Singer Alanis Morissette is as real as celebs come in Hollywood. You wouldn't expect anything less from the singer who brought the Jagged Little Pill album into our lives. So when the Grammy award winner sat down in an interview with Self magazine to discuss being pregnant at 45, unsurprisingly, she didn't hold back.
The third mom-to-be talked about all things related to pregnancy, including her struggles to conceive and postpartum depression. Here's what we learned.
How She Found Grace After Miscarriages
The singer opened up that she and her husband, Mario "Souleye" Treadway, had experienced miscarriages along their journey to becoming parents (They are now parents to daughter Onyx Solace, 3, and son Ever Imre, 8½.)
"Between Ever and Onyx there were some false starts,” Morissette tells the magazine. “I always wanted to have three kids, and then I’ve had some challenges and some miscarriages so I just didn’t think it was possible.”
According to Mayo Clinic, about 10 to 20 percent of known pregnancies end in miscarriage. However, because many miscarriages occur so early in pregnancy that a woman doesn't realize she's pregnant, that number is likely higher.
Age is also a factor. Women above the age of 35 have a higher risk of miscarriage than do younger women. At age 35, you have about a 20 percent risk. At age 40, the risk is about 40 percent. And at age 45, Morissette's age, it's about 80 percent.
“I chased and prayed for pregnancy and learned so much about my body and biochemistry and immunity and gynecology through the process," the star shared, adding she felt "so much grief and fear" about expanding her family. "It was a torturous learning and loss-filled and persevering process.”
How She Coped With Postpartum Depression
The star revealed that she experienced postpartum depression after giving birth to both of her children.
“I would just wake up and feel like I was covered in tar and it wasn’t the first time I’d experienced depression so I just thought, ‘Oh, well, this feels familiar, I’m depressed, I think,’ ” she recalled of her first experience. “And then simultaneously, my personal history of depression where it was so normalized for me to be in the quicksand, as I call it, or in the tar. It does feel like tar, like everything feels heavy.”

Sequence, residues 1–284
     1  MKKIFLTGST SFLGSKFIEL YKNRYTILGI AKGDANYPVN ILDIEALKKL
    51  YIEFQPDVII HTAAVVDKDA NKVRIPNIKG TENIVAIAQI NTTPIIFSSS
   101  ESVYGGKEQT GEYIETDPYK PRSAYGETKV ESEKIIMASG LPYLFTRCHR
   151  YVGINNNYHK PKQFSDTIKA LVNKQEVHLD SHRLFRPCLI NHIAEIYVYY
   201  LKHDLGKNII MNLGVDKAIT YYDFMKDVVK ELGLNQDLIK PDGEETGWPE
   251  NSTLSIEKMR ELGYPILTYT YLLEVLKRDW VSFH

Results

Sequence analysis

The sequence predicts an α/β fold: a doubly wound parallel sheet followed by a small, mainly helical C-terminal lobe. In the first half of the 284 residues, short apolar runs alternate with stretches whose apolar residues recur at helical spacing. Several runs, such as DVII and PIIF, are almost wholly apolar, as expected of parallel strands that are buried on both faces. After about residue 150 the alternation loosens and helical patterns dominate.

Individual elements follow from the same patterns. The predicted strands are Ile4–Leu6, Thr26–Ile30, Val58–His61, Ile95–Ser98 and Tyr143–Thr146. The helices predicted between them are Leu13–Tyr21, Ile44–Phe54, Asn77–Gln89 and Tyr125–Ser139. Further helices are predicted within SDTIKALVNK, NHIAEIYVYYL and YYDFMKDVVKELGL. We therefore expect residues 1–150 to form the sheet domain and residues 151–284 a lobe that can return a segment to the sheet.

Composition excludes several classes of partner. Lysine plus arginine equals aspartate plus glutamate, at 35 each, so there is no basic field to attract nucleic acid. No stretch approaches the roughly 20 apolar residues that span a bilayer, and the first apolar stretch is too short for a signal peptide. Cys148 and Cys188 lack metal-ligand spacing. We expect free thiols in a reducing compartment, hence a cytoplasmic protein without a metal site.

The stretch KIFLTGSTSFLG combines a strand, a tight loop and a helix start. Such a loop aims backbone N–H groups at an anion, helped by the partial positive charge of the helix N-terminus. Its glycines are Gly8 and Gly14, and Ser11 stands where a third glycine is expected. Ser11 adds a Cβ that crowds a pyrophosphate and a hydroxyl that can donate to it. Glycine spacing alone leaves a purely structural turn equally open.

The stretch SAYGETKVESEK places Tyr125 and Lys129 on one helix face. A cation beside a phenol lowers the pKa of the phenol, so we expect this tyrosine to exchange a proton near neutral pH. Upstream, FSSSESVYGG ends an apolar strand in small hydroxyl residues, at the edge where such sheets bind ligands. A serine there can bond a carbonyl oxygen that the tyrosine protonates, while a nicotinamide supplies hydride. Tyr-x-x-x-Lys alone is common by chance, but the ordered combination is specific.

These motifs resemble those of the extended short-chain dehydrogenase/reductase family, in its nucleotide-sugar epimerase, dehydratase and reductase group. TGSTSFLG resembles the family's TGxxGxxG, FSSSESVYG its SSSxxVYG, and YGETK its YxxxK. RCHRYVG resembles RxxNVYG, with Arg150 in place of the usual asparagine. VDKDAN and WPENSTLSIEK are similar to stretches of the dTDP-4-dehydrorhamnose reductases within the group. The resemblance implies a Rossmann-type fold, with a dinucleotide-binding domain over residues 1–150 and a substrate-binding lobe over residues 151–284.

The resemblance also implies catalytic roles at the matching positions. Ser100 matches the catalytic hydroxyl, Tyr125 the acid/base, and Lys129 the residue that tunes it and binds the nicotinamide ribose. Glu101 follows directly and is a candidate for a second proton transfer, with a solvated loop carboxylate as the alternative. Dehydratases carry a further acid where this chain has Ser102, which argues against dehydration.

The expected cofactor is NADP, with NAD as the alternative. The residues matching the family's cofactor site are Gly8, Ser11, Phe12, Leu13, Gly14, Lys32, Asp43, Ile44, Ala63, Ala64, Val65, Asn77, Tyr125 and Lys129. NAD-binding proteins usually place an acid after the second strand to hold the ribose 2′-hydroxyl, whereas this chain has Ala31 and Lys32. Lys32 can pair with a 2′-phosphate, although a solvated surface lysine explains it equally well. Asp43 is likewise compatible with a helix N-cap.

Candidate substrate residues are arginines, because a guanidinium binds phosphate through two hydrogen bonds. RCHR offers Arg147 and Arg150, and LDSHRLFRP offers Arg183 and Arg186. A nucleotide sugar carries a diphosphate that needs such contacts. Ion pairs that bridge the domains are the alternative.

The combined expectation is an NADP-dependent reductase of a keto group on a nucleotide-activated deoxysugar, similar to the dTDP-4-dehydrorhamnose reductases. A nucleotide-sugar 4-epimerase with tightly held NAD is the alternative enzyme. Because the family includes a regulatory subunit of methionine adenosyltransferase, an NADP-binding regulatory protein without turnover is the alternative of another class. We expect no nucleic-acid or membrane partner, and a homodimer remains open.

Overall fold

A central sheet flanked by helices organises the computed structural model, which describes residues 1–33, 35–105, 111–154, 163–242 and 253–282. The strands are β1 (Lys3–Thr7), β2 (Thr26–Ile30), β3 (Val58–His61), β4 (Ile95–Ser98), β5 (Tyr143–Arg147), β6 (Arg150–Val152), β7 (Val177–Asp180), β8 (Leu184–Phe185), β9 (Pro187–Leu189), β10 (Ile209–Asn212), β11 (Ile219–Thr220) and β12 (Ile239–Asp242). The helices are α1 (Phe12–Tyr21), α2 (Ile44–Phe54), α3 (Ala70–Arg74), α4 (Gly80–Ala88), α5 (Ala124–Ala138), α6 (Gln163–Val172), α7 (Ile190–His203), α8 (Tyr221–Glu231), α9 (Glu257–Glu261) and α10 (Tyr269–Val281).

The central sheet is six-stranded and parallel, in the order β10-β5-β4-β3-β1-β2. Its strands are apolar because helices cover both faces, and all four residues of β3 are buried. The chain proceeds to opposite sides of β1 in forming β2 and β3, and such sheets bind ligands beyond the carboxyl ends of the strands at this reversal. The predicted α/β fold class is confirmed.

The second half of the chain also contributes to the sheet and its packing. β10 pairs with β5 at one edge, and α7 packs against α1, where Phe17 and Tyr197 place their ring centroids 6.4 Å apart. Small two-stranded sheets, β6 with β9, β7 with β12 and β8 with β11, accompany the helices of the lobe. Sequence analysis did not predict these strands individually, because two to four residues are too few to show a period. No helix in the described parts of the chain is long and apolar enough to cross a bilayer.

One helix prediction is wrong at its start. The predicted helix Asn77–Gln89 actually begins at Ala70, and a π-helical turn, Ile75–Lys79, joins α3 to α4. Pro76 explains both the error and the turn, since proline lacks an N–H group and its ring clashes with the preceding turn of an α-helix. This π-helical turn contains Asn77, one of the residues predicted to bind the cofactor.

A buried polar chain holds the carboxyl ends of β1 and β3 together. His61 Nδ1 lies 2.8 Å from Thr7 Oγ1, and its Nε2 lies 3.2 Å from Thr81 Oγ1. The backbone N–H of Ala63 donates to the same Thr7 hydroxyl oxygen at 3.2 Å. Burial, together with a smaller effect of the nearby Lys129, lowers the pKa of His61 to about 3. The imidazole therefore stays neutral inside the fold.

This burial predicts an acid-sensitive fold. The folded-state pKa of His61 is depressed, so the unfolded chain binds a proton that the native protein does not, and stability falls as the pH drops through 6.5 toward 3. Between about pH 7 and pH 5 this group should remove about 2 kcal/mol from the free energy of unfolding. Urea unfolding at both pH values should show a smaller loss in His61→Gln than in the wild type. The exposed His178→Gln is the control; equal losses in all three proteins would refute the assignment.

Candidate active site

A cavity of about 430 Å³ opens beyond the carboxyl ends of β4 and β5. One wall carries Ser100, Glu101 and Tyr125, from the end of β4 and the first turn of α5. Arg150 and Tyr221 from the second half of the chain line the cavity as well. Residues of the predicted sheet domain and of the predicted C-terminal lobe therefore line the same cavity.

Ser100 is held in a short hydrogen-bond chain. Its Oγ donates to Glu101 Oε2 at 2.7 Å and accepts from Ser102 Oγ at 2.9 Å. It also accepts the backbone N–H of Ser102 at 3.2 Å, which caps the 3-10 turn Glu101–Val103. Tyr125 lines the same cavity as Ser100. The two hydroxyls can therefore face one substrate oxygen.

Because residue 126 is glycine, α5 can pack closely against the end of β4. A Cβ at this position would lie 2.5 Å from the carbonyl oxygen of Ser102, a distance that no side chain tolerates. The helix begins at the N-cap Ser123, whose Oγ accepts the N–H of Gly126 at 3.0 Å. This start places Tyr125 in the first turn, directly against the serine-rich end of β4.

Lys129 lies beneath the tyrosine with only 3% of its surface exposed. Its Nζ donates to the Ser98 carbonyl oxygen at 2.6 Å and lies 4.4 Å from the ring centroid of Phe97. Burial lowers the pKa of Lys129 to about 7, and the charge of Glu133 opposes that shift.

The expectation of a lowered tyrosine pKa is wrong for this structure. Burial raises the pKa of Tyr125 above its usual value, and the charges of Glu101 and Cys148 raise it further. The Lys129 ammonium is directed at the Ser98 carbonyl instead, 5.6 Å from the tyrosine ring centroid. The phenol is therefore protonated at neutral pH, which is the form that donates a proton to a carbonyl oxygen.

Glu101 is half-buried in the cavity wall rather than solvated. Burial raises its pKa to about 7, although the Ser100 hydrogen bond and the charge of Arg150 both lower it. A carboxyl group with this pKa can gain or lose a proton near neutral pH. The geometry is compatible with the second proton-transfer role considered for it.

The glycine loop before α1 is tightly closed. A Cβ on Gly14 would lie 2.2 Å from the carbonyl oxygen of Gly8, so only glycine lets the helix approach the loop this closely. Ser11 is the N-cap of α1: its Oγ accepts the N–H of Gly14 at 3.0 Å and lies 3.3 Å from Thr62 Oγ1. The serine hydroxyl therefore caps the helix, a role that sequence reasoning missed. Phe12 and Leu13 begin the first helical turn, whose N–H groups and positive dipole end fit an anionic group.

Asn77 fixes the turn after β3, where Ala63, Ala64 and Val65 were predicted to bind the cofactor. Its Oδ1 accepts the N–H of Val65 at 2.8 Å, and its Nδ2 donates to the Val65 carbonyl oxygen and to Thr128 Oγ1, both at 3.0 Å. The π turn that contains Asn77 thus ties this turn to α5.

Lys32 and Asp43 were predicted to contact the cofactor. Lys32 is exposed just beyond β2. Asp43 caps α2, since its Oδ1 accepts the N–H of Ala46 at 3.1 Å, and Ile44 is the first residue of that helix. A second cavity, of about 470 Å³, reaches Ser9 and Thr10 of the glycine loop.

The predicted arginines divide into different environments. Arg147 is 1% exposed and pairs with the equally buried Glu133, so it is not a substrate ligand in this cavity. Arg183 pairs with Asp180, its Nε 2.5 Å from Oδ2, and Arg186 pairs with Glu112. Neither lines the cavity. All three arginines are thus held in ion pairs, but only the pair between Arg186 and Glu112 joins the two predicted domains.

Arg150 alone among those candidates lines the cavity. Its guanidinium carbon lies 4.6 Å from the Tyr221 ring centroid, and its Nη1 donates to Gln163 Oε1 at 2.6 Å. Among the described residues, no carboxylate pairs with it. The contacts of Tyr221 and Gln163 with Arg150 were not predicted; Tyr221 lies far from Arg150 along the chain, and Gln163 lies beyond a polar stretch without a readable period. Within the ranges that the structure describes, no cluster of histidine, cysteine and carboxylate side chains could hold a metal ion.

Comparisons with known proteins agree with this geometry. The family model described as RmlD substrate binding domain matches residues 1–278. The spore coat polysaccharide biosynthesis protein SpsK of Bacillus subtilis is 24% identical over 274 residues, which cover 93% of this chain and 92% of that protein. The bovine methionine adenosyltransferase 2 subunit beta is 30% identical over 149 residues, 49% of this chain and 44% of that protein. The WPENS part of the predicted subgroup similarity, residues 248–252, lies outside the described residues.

While she's prepared to to endure it again, she shared that she will do it differently this time -- by asking for more support, sooner.
The "Ironic" singer admitted she waited 16 months after her son was born to ask for help, and four months after she gave birth to her daughter. Now, she says, she will wait "four minutes."
Morissette shared that she's told her friends, "‘I want you to not necessarily go by the words I’m saying’ and as best as I can, I’ll try to be honest, but I can’t personally rely on the degree of honesty if I reference the last two experiences.”
This time around, in addition to her friends, Morissette will rely on the help of her doctor and midwife.
According to the National Institute of Mental Health (NIMH), mothers with postpartum depression experience feelings of extreme sadness, anxiety, and exhaustion, which is the result of hormonal changes, emotional, and physical changes that occur after childbirth.
For treatment, the NIMH recommends therapy and counselling, and advises friends and family who might recognize symptoms to offer emotional support, suggest seeing a professional, and assist with daily tasks such as caring for the baby or the home.
How She Restores Herself as a Highly Sensitive Person
For Morissette, who calls herself a "highly sensitive person," alone time is crucial despite being a wife and mother, and, of course, global star.
"Extroverts restore, in theory, with people, and introverts restore alone—so for me, one of the biggest questions with me having two or three kids, was where is that solitude? How and where?”
For Morissette that means getting "creative" finding solace in a hotel room or a bathroom stall. "Whatever I need to do to create this. It’s not anyone else’s job to be responsible for my temperament," she said. "Maybe pin-drop silence right now is the key. Or it might be hey, being pure presence with my daughter right now is the key. Or right now crying is the key. Fucking binge-watching a TV show is key.”
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